Dr. Hazel earned his Ph.D. from Washington State University after living and teaching at Immaculate Heart College in southern Japan. His areas of interest include organizational communication, the scholarship of teaching and learning, research methods, communication anxiety and competence, and mindfulness/positive psychology in communication.
Cunningham, C. M., Hazel, M., & Tracey, J. (2020). Communication and leadership 2020: Intersectional, mindful, and digital. Communication Research Trends.
Popa, A., Hazel, M., & Barker, D. (2018). The predictive power of young voter perceptions of presidential leadership qualities in the 2012 election. Journal of Leadership Studies.
Hazel, M., Karst, J., Saez, G., Wongprasert, T., & Ayres, J. (2017). Testing the communibiological paradigm: The similarity of fraternal and identical twins across three communication variables. The Northwest Journal of Communication.
Hazel, M., & Hsu, C. (2017). Understanding online writing apprehension: An examination of temperament, motivation, fear of negative evaluation, and self-perceived communication competence. The Northwest Journal of Communication.
Hazel, M., Keaten, J., & Kelly, L. (2014). The relationship of temperament, communication reticence, and fear of negative evaluation. Communication Research Reports.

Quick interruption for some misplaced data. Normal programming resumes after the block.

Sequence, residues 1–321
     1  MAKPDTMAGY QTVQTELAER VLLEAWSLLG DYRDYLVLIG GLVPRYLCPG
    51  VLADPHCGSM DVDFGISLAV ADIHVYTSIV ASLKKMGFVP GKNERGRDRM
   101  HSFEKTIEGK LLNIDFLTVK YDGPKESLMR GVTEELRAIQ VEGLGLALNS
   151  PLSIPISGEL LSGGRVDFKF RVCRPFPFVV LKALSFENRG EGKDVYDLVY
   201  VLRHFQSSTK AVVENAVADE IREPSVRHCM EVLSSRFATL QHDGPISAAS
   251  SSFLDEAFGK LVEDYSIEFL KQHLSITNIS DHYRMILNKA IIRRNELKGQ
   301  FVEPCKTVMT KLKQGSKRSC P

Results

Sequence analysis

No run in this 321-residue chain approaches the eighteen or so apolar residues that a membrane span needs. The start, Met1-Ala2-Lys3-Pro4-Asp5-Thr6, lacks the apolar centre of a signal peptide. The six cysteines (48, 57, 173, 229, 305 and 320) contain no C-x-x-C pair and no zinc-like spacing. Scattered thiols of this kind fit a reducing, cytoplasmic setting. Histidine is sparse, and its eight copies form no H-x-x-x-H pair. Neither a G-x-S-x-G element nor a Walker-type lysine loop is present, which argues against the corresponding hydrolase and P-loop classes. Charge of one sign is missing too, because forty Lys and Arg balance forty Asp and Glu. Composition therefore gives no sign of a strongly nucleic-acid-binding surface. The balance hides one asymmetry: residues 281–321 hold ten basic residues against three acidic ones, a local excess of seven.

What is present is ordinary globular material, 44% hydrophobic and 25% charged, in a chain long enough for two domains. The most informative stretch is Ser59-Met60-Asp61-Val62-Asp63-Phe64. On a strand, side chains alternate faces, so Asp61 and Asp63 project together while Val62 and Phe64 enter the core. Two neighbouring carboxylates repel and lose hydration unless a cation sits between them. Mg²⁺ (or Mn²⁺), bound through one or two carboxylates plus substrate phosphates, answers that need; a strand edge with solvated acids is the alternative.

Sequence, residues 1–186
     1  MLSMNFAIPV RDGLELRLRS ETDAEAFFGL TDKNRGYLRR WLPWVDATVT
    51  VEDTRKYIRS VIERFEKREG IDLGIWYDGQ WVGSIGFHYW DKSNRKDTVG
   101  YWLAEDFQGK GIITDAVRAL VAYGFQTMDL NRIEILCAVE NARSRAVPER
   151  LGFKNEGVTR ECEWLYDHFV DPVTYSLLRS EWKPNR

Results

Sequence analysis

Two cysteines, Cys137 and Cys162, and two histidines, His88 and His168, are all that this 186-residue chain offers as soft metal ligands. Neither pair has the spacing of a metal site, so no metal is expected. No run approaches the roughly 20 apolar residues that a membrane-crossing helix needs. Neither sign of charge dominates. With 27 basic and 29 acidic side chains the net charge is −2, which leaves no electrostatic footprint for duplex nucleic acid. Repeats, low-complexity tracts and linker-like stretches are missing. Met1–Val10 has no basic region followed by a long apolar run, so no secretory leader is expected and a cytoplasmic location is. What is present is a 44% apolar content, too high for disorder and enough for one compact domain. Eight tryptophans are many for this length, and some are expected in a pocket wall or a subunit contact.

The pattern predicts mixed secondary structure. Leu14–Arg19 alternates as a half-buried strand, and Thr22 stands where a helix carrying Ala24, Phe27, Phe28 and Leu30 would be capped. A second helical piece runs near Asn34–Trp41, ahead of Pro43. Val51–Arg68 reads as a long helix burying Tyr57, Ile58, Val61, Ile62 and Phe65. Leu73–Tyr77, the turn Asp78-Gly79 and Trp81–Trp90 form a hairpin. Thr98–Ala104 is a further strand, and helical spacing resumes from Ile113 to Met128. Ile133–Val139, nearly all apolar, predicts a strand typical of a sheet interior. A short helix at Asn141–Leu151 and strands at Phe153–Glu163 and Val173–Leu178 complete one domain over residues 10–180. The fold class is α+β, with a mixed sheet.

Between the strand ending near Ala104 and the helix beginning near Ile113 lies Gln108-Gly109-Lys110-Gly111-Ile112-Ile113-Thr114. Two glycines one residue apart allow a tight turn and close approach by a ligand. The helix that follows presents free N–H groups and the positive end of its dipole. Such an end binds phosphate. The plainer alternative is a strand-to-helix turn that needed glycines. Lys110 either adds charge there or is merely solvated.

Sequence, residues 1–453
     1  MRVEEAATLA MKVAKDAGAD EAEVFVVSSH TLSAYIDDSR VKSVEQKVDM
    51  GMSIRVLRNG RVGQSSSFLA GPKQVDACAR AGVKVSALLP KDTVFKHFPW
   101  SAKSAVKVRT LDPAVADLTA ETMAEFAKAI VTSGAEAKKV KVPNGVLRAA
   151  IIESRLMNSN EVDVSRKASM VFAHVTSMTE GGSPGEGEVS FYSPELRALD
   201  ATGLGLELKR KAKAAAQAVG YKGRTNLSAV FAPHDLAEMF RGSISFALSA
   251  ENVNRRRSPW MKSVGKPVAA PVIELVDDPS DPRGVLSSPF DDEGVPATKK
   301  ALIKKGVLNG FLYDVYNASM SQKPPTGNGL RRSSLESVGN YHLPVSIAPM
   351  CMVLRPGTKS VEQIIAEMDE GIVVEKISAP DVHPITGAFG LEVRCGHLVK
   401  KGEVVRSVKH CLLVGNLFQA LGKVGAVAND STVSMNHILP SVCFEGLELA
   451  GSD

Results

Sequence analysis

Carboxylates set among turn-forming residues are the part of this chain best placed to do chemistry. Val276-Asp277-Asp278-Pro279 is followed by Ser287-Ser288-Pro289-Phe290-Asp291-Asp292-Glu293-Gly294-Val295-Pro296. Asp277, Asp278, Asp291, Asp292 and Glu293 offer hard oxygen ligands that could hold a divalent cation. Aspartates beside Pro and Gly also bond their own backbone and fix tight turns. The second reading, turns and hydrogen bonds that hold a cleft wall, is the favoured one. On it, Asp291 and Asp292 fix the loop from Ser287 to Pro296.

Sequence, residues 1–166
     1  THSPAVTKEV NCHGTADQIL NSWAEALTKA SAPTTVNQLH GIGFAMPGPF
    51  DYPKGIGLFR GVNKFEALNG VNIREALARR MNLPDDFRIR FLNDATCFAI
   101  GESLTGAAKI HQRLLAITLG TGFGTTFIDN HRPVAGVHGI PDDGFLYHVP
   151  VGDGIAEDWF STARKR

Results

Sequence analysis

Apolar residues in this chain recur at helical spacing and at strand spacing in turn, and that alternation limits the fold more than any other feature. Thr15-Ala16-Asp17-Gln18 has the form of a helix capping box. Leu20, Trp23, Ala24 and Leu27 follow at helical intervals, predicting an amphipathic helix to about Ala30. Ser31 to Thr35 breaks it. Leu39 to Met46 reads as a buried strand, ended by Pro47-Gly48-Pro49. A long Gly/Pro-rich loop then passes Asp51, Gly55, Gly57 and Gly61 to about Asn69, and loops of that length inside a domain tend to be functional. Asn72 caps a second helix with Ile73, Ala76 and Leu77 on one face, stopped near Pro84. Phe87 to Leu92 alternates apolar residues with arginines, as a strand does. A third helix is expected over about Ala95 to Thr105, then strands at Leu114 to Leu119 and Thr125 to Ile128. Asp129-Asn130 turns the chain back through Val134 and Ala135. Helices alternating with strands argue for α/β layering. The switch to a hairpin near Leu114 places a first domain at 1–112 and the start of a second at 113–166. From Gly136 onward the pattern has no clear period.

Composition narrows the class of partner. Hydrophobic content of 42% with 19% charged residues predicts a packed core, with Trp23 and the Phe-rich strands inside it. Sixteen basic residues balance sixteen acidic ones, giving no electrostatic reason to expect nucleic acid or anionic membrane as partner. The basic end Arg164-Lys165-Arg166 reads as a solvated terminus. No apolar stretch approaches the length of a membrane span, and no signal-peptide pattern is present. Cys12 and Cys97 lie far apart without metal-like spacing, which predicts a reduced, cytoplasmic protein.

Hazel, M., Crandall, H., & Caputo, J. (2014). Perceptions of teacher misbehaviors in distance graduate education. Southern Communication Journal.
Crandall, H., Hazel, M., & Caputo, J. (2012). What do they expect? Academically entitled students and perceptions of teacher misbehaviors in the online classroom. In L.A. Wankel and C. Wankel (Eds.) (pp. 43-51). Misbehavior Online in Higher Education: Cutting-edge Technologies in Higher Education series. Bingley, UK: Emerald Publishing Group.
Popa, A., Hazel, M., Whatley, L., Andenoro, A., & Crandall, H. (2011). Young voters’ perceptions of candidates’ leadership practices in the 2008 U.S. presidential race. Journal of Leadership Studies.
Hazel, M., McMahon, C., & Schmidt, N. (2011). Immediate feedback: A means of reducing distracting filler words during public speeches. Basic Communication Course Annual.
Kelly, L., Keaten, J., Hazel, M., & Williams, J. (2010). Effects of reticence and affect of communication channels on usage of instant messaging and self-perceived competence. Communication Research Reports.
Ayres, J., Hopf, T., Hazel, M., & Sonandre, D. (2009) Performance visualization. In J.C. McCroskey and J.A. Daley (Eds.) (pp. 375-394). Avoiding communication: Shyness, reticence and communication apprehension, (3rd edition). New Jersey: Hampton Press.
Hazel, M., Hsu, C., & Ayres, J. (2008). Communication apprehension interventions. International Encyclopedia of Communication. London: Blackwell.
Hsu, C., Hazel, M., & Ayres, J. (2008). Speech Anxiety. International Encyclopedia of Communication. London: Blackwell.
Hazel, M., Wongprasert, T., & Ayres, J. (2006). Twins: How similar are fraternal and identical twins across four communication variables? Journal of Northwest Communication Association.
Crandall, H., & Hazel, M. (2002). Issues in communication education: An interview with Joe Ayres (editor 1999-2002). Communication Education.
Hazel, M., & Ayres, J. (1998). Conversational turn-taking behaviors of Japanese and Americans in small groups. Japanese Association of Language Teachers Journal.
Ayres, J., Bloomfield, K., & Hazel, M. (1996). The editorial speech. Speech Communication Teacher.